Chardonnay has never looked better according to Peter McAtamney, from Wine Business Solutions. But the challenge is to get the message out.

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CHARDONNAY, perhaps more so than any other grape variety in the Australian context, has been through the fashion ‘ringer’.

The great success of Australian wine on the global stage during the 1990s was in large part due to the selling of Chardonnay as a popular wine idea. Along with Cabernet Sauvignon it was pitched as the ‘vanilla and chocolate’ of the New World Wine assortment well before Shiraz emerged as the heir apparent to Australia’s winemaking future.

Consequently, Chardonnay was grown everywhere.

The wines produced from it were not aimed at achieving excellence but being consistent, reliable, branded product. This was a masterstroke as, until Australia’s largest producers succeeded in doing this, no one really knew what they were buying when they purchased wine from a supermarket.

It enabled Australia to become the dominant supplier to the UK and a force to be reckoned with in many major markets internationally.

A consumer then emerged that the Australian wine industry didn’t see coming. She knew what she liked and she knew that it was not heavily cropped, overripe, warm climate, acid adjusted, oak chipped Chardonnay.

People blame Kath and Kim, but the hard truth is that Australia lost 40 per cent of its white wine market to the Kiwis principally because this supermarket Chardonnay just plain didn’t taste very good.

Kim: “Let’s celebrate, would you like a Cardonnay, Kylie?”
Kath: “Stupid girl, Kim it’s not Cardonnay, the correct pronunciation is Chardonnay.”
Kim: “Mum, it’s French, the ‘h’ is silent. Back me up here Kylie.”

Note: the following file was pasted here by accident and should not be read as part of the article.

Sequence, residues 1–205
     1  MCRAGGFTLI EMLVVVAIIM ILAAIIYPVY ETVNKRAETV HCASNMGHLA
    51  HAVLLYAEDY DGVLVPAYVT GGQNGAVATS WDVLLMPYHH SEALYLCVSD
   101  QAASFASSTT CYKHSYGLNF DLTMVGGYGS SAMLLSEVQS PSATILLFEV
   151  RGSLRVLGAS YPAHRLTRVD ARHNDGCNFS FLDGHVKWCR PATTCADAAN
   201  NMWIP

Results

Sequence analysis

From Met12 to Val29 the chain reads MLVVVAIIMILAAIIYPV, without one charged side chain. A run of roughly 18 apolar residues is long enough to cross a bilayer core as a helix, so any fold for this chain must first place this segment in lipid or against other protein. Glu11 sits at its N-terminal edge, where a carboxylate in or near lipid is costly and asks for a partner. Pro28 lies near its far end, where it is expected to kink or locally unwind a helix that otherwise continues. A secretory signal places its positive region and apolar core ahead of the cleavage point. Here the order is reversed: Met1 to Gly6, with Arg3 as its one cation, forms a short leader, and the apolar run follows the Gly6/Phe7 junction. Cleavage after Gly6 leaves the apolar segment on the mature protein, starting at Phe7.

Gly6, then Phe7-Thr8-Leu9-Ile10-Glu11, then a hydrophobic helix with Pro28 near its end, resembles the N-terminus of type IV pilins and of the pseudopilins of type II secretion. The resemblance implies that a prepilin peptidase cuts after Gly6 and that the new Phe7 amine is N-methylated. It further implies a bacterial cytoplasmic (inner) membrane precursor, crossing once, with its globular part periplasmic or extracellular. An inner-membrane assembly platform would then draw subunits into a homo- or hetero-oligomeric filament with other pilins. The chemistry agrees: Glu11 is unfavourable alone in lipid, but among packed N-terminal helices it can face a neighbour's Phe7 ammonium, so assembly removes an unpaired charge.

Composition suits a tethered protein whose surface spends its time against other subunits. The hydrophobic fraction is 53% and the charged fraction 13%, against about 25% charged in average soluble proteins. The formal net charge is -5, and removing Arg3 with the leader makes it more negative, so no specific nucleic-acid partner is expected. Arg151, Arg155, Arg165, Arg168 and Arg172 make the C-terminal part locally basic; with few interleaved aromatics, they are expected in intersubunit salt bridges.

Kylie: “Yeah, she’s right Mrs D. I’ve been to Paris and the ‘h’ is silent. It’s Cardonnay.”
Kath: “Well excuse me for living.”

After a period of denial, Australia then set about making less ripe styles of Chardonnay with a big emphasis on acidity.

Some of these wines were very good but most simply presented as a warm climate attempt at copying New Zealand.

By picking earlier and going for greener fruit, Australian producers can achieve the acid profile but not the fruit ripeness needed to make great wine. This couldn’t last.

Finally, the stars have aligned for Australian producers.

Both restauranteurs and their customers now have a very clear idea of what the relatively small number of regions where Chardonnay achieves excellence.

Chardonnay is grown in a very limited number of locations in France so why would it be any different here? This is happening at the same time that the best winemakers in those regions are really hitting their straps.

What our research appears to show, as it does across for all categories, is that exposure to the best wines globally, in this case white Burgundy, has help people understand quality where each variety is concerned.

You can see from the data above, taken from our Wine On-Premise Australia 2016 research, the way in which Chablis listings are dropping off and Burgundy listings are growing showing the shift in preferences from simpler, crisp, acidic styles to more layered, richer and complex ones.

You can also see the way in which this change in style preference plays heavily into the hands of Margaret River and well as cooler regions such as the Adelaide Hills, Mornington and Tasmania.

Chardonnay is now neck and neck with Sauvignon Blanc again in terms of share of listings.

The average bottle of Chardonnay achieves $62 on an Australian wine list compared to just $48 for Sauvignon Blanc.

Australian Chardonnay has never looked better as a category. The challenge now is to get that message out to the world.

This article first appeared in the Grapegrower & Winemaker magazine.
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